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5 Reasons Why You're Having Trouble Selling Beats

  1. Fade

    Fade

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    Selling beats has become a very big business in the Hip Hop world in the past few years, and with good reason - it works. The producer gets paid and the (usually) rapper gets their beat. The problem is that not everyone is going to sell a lot of beats, but that's expected because some people are just better than others. If you are having trouble selling your beats, these five tips might help you out.

    1. You're Not Networking Properly

    The biggest thing about selling beats is that you need to get your name, music, and brand out there. By "out there", I mean that you need to be known all over the place, otherwise you run the risk of getting thrown into the same category as everyone else that makes beats. Networking is the best way that you could possibly get known, but unfortunately most producers look to only network online, rather than in person which is hands down still the best approach.

    I know it can be hard to network in the real world because for example, there's not as many Hip Hop shows as there were back in the 90's, so right there that diminishes your chances of meeting anyone of importance in a live setting. However, networking isn't just about meeting the right people or someone who is hooked up with a record label. Instead, you should be looking to network with just about anyone that you can think of:
    • Family and friends
    • Neighbors
    • Co-workers
    • People that you meet on the street, stores, venues, etc
    And the list goes on. It's important to let everyone know that you exist and you create music; in this case it's all about your beats. The more people that know about you and your music, the better chance you have of getting heard - and selling beats.

    2. You're Trying To Sell Only One Way

    Think of selling beats like as if you're a salesman in a store. You wouldn't sell to only women, right? Unless you're selling beauty products, then you should be open to selling beats to anyone and anything. I know that when it comes to Hip Hop, traditionally you would sell to rappers and only rappers. But there is a HUGE market out there for Hip Hop beats, in areas that you may not even realize, or don't care to venture into.

    Most of you have a video game console like an Xbox or Playstation, but did you ever think about where NBA 2K got their music from? The same music you hear in all of those video games had to come from somewhere, so why not from you? There's no sense in selling ONLY to rappers, putting every other opportunity aside, potentially losing lots of sales, money, and recognition. I know of some producers that sell their beats to TV networks and the music has been featured on popular TV shows. The same goes for movies, video games, and sports arenas. The possibilities are endless, so there's no sense in boxing yourself in by just selling to rappers.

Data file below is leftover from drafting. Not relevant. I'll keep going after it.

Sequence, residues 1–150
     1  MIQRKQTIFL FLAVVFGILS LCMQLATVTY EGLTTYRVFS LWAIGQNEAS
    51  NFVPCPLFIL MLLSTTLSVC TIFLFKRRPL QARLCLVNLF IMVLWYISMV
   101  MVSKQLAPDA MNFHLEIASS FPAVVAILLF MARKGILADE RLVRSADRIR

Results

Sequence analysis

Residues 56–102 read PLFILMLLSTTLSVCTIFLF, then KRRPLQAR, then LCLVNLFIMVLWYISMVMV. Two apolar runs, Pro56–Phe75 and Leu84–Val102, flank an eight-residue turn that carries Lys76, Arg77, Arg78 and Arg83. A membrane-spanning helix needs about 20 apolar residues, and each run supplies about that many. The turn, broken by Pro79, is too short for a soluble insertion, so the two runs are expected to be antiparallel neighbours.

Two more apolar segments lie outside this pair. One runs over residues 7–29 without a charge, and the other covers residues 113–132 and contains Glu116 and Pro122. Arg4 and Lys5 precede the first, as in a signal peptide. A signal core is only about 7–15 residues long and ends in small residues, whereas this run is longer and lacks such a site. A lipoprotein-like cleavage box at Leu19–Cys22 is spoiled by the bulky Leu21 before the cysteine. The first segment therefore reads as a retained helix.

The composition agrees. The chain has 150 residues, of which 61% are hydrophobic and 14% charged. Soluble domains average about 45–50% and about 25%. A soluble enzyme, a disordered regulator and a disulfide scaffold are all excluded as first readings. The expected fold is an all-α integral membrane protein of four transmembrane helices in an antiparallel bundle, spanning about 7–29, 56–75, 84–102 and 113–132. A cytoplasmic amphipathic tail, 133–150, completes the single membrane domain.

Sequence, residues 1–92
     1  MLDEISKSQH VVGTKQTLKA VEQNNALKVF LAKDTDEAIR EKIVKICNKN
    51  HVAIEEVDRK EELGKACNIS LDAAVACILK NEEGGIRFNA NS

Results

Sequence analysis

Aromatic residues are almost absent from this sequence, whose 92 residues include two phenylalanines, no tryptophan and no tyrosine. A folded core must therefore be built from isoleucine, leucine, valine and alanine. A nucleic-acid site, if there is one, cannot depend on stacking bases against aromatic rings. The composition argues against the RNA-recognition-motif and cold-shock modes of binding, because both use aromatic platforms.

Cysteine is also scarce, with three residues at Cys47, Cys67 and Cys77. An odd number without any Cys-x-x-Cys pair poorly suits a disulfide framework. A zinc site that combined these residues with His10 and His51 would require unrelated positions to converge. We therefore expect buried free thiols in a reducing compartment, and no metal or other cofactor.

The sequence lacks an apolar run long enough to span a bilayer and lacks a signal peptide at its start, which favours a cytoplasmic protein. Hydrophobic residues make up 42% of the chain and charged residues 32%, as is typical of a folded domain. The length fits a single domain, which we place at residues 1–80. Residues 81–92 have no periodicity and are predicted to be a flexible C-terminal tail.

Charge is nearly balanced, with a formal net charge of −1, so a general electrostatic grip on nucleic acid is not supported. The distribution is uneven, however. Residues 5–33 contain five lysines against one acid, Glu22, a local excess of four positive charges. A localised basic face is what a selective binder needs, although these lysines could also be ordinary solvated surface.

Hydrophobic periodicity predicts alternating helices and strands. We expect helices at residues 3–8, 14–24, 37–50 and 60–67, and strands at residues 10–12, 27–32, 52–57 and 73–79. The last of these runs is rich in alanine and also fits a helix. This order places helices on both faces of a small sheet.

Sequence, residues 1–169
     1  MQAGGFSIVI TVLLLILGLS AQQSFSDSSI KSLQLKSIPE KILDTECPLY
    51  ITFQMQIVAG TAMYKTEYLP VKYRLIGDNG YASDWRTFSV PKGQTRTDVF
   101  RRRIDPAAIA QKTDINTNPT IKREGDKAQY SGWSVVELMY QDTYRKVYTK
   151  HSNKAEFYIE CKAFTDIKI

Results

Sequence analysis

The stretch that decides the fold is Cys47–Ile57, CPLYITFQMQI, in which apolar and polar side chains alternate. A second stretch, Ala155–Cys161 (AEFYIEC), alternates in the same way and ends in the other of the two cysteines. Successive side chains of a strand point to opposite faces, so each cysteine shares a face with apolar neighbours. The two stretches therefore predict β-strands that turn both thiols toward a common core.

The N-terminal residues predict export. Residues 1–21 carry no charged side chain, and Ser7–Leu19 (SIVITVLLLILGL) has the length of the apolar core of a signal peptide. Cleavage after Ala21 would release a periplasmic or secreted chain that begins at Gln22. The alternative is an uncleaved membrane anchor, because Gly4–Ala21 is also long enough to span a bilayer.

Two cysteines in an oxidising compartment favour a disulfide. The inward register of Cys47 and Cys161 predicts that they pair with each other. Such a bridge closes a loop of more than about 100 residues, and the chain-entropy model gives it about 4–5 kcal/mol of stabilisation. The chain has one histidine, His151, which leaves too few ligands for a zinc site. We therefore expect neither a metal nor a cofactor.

3. Your Beats Just Aren't That Good

    *gulp* I know that it's hard to hear, but it's very possible that your beats just aren't that good. Nobody is perfect, and even I've made terrible beats (well, I wouldn't say "terrible"!). It could be that you're just in a beat making slump, or it could be that your style of beats isn't the style that anyone is looking for. There are some producers that make experimental beats, or horrorcore beats, and even though they're really good at what they do, it just might not fit the mold of what buyers are expecting.

    If your beats just aren't up to par yet because you're just starting out, then you have no choice but to wait on selling beats, and take lots of time to perfect your craft. I've seen lots of beats posted online that were really bad (bad meaning bad, not bad meaning good), and even though I admire those people for posting their beats, it doesn't mean people are going to like it.

    4. You're Trying Too Hard

    Piecing together a beat is something that should take time and dedication, without being rushed. Unfortunately, as I mentioned in the beginning, beat selling has become a big thing now, so producers are purposely making beats that they hope will sell. For example, someone could be making beats with a Pop style but they end up making Trap style beats in order to sell them and make some money. I'm not criticizing anyone that is purely making beats for profit, but that could be holding you back.

    The reason why it could be failing for you is that your beats are just, well, beats. There's no life to them because they were put together with the sole purpose of making money, rather than being a creation that you came up with from the heart, if you will.

    5. You Sound Like Everyone Else

    It's very easy to be influenced by other producers and Hip Hop artists because we see the music videos and hear the songs all over the place, every single day. After a while, you're so used to hearing certain songs or styles of music that you being to be influenced by them, but that could be influencing your style of beats.

    Take for example a producer like Just Blaze. Back when he first came out, he had his own unique style of beats with sped-up vocal samples. It was huge back then because no one had ever really done that before, so his style of beats quickly became insanely popular and everyone wanted to have that sound. Artists would either hire Blaze, or after a while, any producer because everyone was doing that style.

    It's fine to be influenced by other producers, but if it seeps into your style, then you will sound like everyone else. Your beats might be amazing, but you could also get lost in the shuffle and easily overlooked by potential buyers.

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    Last edited: Jan 17, 2016